Welsh Newspapers

Search 15 million Welsh newspaper articles

Hide Articles List

8 articles on this Page




THE COTTAGE GARDENER—AUGUST. G HETTAL OPERATIONS.—Hoe and thin out all the small crop». Hoe well all transplanted crops; weed where wanted. Dea oy snails, slugs and grubs. Plant out coleworts, and 0 all winter articles, as fast as you can obtain ground, that they may attain strength and substance before the chilly rains and nights come on. Cut, gather, dry, and store pot and medicinal herbs. Gather seeds. Tie up endive. Pull up, dry, and house your onions, as fast as the leaves decay. If the quantity is but small, the cottager may rope them on sticks, when dry, of evenings, and hanging them up in a dry, airy place, they will keep better than any other way; and in this way they are always ready for sale or use. Celery may still be planted. Cabbages, if not sown last month, must be sown the first week in this. COLEWORTS.-This is a good time to plant out coleworts for autumn and winter Use, spinach. From about the 7th to the 21st of this month sow a principal crop of spinach. Sown now, it will be in use and may be gathered to the end of May. It requires good land, which must be well ma- nured. It may be sown broadcast, or in drills about five or six inches apart. When the plants are up they must quickly be hoed out to that distance, and afterwards be kept en- tirely free from weeds, and often hoed deeply in the spring. There is a sort called the Flanders spinach which is the best. MICHAELMAS ONIONS.—Onions sown at this time are called Michaelmas onions. They are sown now thickly in beds to stand the winter, to use small and green in the spring, for salads with radishes and lettuces. About the middle of the month is the time preferable for sowing. The best way is to sow them on good ground, not too rich, and it must not be expressly manured for them. Sow about an ounce of seed to every four square yards, on beds of about four feet wide, nicely worked and raked; cast up the mould from the sides of the bed lightly over the seed about half an inch in thickness, then tread the beds completely over, rake them, and then tread them again. They will require weed- ing in about a month. The best sorts to sow for this pur- pose are the Lisbon, Reading, and Deptford onions. HARDY LETTUCES.—Towards the middle of the month hardy lettuces should be sown, to plan out in October to stand the Winter, for early spring use. The white coss and other tender sorts will not do for this purpose. The brown coss and the hardy yellow coss, also the Hammersmith hardy green, and grand admirable cabbage lettuces, are the sorts I t, to sow now. The seeds should be sown on an open spot, and carefully raked in. When the plants are well up let them be thinned out to two inches apart, for if they grow too close, they will be drawn up spindling, and not one in twenty will have strength to stand the winter. Turnips may still be sown early in the month, on light and well manured land. Radishes sown in August, if the autumn is not too dry, are in fine perfection in October and November, and are ihen a kind of dainty.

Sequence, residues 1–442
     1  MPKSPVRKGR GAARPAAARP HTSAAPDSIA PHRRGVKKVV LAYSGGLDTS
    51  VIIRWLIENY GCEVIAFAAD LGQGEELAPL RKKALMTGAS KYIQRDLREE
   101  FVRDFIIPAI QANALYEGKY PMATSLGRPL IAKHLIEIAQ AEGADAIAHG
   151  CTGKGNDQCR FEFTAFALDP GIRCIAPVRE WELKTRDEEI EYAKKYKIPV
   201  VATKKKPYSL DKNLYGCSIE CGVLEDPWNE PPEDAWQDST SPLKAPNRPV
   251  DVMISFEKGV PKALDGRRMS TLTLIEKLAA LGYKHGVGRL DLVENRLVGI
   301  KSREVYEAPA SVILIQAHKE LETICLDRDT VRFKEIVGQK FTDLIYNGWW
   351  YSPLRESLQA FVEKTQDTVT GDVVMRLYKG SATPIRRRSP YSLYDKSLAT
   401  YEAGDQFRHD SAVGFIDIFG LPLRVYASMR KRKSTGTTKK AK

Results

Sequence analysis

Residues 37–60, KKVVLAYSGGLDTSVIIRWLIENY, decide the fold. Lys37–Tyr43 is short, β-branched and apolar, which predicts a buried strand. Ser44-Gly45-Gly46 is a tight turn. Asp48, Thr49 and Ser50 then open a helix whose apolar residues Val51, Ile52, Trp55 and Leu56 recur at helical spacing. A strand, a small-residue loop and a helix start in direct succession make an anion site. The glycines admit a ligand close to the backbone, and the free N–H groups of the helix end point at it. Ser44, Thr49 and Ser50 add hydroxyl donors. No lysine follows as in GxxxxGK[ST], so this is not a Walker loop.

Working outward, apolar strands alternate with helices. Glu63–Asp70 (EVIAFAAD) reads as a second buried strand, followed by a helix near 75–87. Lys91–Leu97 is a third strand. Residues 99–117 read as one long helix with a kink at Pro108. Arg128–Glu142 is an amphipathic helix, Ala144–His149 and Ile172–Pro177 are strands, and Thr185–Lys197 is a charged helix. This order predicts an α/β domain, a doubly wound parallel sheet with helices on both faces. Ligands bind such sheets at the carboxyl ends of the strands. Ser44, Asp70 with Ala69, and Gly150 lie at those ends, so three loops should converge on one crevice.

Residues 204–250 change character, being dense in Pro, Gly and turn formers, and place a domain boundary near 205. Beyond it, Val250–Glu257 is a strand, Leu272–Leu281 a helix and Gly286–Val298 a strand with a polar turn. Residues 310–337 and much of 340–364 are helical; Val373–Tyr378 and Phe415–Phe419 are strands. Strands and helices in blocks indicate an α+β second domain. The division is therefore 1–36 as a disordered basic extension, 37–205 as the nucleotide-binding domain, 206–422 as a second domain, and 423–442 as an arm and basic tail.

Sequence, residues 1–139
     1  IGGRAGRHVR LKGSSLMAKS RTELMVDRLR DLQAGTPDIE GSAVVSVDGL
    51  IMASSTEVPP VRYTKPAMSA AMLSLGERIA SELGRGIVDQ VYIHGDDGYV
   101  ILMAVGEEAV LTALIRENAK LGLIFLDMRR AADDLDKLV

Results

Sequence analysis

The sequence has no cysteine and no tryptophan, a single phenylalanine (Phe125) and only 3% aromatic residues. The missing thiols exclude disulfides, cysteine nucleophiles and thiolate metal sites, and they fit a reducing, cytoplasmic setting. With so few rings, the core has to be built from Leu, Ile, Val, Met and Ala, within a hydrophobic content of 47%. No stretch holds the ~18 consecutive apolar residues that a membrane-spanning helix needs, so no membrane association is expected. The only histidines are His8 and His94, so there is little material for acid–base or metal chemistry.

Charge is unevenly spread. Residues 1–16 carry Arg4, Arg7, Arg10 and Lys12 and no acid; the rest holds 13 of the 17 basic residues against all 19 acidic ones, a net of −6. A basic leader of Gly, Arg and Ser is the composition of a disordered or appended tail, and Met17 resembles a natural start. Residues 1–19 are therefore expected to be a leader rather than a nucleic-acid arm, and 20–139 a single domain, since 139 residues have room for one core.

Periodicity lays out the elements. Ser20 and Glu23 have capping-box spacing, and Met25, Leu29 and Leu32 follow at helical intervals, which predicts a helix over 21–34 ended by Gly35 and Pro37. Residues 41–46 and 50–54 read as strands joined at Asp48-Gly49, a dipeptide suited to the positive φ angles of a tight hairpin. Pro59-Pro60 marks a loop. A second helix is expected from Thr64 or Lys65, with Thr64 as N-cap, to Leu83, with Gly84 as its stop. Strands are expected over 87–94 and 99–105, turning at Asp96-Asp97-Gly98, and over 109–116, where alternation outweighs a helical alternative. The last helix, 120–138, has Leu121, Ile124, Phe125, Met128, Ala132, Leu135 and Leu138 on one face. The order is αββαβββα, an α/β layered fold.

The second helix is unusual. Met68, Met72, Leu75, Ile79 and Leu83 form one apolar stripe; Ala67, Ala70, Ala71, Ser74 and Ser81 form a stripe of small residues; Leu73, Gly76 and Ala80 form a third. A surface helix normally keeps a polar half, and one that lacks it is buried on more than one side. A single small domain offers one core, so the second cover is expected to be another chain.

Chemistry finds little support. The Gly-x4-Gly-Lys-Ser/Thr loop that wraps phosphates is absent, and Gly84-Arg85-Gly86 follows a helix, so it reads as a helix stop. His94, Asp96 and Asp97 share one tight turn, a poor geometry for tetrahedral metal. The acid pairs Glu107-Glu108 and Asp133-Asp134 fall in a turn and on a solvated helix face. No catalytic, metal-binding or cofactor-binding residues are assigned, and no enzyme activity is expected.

[No title]